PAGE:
Key 5: Performance
It’s the big day! You have adjusted your mindset, planned, rehearsed, and employed some anti-anxiety techniques. You have been introduced to your audience. The moment is here: You stand up to give your presentation! Here are some keys to performance that can help you get your message across while appearing very professional.
- Dress comfortably, professionally, and appropriately. You don’t want to be wearing clothes or shoes that are too tight, too loose, or sloppy looking. Nothing itchy either! If you concentrate very hard on your content and delivery, you can lose track of what your body is doing--which means, it’s easy to distractedly scratch where it itches, adjust your clothes nervously (like constantly pushing up your sleeves or adjusting your bra strap), or allow any manner of nervous tics to shine through. This kind of thing betrays your nerves.
- It appears in the last post on anti-anxiety, and it bears repeating here: Take deep, slow breaths before speaking. Inhale through your nose, hold for a second or two, and exhale through your mouth. This will help you be mindful and present in your body, which can then cut down on unconscious fidgeting, swaying, and other giveaways of your nerves. Use a deep breath now and then in your presentation to create a pause and recenter yourself.
- Stand in neutral position, which is feet shoulder width apart, hands down at your sides comfortably. Nervous movement includes hand-wringing and swaying back and forth, and you can counteract this by intentionally being in neutral position. Your gestures and body language will be deliberate, and your movement will be purposeful from this position. Random, nervous moment detracts from your speech by distracting your listeners. Deliberate, thought-out movement enhances your message and drives it home.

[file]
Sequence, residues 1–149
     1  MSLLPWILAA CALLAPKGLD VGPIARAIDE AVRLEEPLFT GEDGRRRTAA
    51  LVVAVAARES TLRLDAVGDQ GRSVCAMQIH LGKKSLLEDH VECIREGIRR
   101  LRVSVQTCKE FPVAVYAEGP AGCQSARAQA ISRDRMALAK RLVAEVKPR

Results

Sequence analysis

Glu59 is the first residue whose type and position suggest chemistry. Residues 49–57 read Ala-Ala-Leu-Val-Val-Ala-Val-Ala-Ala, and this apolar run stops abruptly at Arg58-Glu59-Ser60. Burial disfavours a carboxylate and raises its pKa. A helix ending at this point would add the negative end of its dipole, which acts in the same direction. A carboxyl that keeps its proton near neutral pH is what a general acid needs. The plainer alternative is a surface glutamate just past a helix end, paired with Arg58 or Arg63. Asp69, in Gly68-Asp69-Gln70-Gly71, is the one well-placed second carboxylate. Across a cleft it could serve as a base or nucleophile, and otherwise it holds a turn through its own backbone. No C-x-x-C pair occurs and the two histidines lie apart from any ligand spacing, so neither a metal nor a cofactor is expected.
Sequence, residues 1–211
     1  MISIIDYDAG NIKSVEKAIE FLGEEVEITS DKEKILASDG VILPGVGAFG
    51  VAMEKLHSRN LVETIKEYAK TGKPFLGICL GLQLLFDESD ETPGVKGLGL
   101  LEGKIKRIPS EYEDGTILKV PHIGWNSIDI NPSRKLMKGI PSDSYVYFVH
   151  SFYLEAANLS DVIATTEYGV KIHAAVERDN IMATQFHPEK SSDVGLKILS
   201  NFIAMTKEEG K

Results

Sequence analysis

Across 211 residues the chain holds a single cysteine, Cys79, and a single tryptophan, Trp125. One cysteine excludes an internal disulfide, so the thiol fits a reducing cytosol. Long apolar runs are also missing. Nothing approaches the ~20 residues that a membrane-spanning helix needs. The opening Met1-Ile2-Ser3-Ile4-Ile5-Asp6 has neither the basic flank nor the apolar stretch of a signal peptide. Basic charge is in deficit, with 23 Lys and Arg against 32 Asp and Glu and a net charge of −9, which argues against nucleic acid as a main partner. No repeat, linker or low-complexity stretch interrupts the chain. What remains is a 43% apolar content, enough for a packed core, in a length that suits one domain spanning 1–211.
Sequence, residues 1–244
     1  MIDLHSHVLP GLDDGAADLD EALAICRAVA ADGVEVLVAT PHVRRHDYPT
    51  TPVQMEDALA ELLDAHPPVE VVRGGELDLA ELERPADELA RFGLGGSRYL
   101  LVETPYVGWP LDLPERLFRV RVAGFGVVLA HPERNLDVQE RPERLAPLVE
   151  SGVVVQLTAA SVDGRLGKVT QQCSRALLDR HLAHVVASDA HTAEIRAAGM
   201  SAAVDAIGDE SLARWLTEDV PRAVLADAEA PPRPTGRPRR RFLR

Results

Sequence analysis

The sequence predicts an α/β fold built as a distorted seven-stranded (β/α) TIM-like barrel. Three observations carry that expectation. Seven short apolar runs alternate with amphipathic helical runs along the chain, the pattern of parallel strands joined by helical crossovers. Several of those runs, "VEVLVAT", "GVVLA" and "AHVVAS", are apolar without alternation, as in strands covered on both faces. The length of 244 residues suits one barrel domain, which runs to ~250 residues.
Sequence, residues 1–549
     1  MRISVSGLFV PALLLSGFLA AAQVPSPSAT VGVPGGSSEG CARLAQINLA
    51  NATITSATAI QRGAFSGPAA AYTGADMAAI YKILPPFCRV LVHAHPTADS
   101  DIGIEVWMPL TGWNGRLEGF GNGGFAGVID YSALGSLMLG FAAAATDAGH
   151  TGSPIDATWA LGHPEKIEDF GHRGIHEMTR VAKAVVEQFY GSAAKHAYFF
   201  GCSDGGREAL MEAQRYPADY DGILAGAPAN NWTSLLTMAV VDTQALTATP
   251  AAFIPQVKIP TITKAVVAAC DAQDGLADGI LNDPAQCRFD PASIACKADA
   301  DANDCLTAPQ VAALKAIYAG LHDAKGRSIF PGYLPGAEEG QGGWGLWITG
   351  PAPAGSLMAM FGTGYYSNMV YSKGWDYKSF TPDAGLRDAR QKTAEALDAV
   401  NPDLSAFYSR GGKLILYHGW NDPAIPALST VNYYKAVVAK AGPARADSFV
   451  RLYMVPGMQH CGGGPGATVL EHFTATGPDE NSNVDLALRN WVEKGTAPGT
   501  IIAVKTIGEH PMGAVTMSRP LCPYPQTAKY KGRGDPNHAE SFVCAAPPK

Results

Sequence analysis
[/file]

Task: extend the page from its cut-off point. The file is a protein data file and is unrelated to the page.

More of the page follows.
- Don’t get trapped behind a podium if you have one. A podium can hide a bunch of nervousness, but it’s very easy to put your notes down, grip the sides of the podium, and not move an inch! This doesn’t make for a dynamic speech. Instead, put your notes (if you’re using them) on the podium, and then break out from behind it to move deliberately across your speech area. You can connect with the audience much better when you can move to them. Be careful that you don’t block any visual aids you might have (slides, flip charts, white board, etc.) as you move around.
- If you have a very large room, and there is a microphone on the podium, you may be stuck there so you can be heard (first, ask if a lapel mic is available). If you must stay behind a podium, make your gestures large, so they can be seen. Add a lot of enthusiasm in your voice and face, so it can “read” to the whole room. And be sure to make lots of eye contact from the podium (remember to look up and connect with your audience).
Next: More performance techniques!